Also, "The Texas Chainsaw Massacre" is represented by the old farmhouse with human bones so clearly evident along with bones of a bull and other animals. If you listen closely, the viewer can hear the pans clanging in the background, a clear homage to "TCM", or dare I say, highway robbery??

Finally, let's not forgot the hood from "Friday the 13th Part 2", which is the least borrowed from horror movie, but it's clearly evident that the makers of "Malevolence" borrowed this from "Friday the 13th Part 2" because the killer almost looks exactly like Jason with the hood on.

Notwithstanding, its generic slasher formula, almost unbearable acting flaws, and plagiarism of some of the all-time great horror movies, "Malevolence" is not so bad that it is unwatchable. In fact, if you find yourself up really late at night, you could do a lot worse than this slasher as there are some fairly good death scenes with some brutality and, well, if you're like me, you like slashers and you will watch them for what they are and understanding what they are not.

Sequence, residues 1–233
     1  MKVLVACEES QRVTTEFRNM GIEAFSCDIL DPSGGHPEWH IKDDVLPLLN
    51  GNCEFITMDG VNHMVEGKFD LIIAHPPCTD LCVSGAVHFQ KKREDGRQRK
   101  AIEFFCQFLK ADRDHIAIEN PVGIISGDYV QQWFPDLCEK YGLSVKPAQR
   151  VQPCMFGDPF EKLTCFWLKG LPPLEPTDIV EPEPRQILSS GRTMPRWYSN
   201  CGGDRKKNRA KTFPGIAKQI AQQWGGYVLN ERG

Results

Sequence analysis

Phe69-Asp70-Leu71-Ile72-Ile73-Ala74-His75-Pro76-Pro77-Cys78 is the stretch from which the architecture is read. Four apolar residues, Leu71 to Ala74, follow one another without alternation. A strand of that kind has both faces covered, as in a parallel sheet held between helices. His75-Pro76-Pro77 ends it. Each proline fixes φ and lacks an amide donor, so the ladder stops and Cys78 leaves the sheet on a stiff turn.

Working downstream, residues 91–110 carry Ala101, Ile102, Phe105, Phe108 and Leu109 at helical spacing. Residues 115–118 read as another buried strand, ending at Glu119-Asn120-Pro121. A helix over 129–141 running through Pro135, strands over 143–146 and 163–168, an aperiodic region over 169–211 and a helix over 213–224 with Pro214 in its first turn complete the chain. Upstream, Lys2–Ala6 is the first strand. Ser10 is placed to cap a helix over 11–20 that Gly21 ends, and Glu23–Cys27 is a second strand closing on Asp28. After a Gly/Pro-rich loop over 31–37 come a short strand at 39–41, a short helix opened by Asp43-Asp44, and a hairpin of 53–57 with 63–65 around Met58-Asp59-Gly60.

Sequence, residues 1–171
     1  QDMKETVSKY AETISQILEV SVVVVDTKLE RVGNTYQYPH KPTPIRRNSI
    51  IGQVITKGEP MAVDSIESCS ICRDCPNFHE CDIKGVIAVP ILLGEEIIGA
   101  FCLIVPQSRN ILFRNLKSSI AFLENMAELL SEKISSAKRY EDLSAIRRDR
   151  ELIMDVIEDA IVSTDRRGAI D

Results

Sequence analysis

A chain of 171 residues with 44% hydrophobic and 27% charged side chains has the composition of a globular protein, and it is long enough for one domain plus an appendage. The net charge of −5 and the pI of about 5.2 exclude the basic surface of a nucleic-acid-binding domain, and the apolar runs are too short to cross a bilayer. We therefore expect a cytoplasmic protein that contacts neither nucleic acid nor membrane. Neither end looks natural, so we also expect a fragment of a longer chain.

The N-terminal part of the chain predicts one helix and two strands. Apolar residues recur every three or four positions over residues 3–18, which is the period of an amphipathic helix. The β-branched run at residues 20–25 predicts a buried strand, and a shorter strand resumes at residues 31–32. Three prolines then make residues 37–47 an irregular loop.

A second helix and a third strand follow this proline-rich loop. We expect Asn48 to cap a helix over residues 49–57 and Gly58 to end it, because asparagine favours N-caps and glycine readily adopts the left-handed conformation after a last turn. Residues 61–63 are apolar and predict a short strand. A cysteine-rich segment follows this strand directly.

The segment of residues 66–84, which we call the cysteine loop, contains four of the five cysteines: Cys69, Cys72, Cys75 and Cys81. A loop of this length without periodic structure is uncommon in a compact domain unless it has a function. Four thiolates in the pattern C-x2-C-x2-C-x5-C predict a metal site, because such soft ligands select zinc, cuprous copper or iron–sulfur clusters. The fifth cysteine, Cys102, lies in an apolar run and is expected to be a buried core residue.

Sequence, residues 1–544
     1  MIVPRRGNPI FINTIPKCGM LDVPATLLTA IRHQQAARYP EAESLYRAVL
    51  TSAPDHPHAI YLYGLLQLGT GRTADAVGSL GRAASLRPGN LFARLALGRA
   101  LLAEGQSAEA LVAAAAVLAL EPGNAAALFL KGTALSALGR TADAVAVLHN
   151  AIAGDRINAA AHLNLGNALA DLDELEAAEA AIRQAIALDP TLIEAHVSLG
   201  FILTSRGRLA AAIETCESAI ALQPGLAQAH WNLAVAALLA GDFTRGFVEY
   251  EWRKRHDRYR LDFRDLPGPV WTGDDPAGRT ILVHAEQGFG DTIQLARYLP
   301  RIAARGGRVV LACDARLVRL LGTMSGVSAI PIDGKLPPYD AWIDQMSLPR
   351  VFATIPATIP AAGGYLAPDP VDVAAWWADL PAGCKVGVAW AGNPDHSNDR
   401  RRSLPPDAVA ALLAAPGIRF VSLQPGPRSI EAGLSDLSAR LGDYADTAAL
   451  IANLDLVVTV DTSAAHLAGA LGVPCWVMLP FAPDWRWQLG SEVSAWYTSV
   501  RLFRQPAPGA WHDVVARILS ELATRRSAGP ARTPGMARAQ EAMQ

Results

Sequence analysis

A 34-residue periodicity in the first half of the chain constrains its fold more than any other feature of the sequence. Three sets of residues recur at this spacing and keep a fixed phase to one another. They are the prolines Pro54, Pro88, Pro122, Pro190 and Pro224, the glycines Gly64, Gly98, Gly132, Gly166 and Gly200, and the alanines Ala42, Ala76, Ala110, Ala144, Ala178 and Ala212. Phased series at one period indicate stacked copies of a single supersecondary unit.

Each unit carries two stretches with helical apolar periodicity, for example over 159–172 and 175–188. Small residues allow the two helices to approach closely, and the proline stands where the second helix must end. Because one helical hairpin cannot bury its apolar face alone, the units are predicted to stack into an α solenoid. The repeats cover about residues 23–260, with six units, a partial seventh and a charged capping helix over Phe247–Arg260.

Therefore, if you do not like slashers, STAY CLEAR from "Malevolence", but if you are in the mood for a rather amusing but NOT scary slasher flick you might want to check "Malevolence" out for its blatant plagiarism of the horror classics of yesteryear. One really has to assume that this was homage being paid by the makers of "Malevolence" to the aforementioned classics because it was such a blatant rip-off. I'd like to give "Malevolence" the benefit of the doubt. After all, how many people do the makers of "Malevolence" thing are going to watch this movie that have not seen "Halloween", "Friday the 13th Part 2 and "The Texas Chainsaw Massacre"? That being said, do not expect much than an ordinary slasher flick, and you may not come away to disatisfied. Expect anything more especially with regard to the acting and execution, and you will want to throw your DVD copy of "Malevolence" in the garbage can.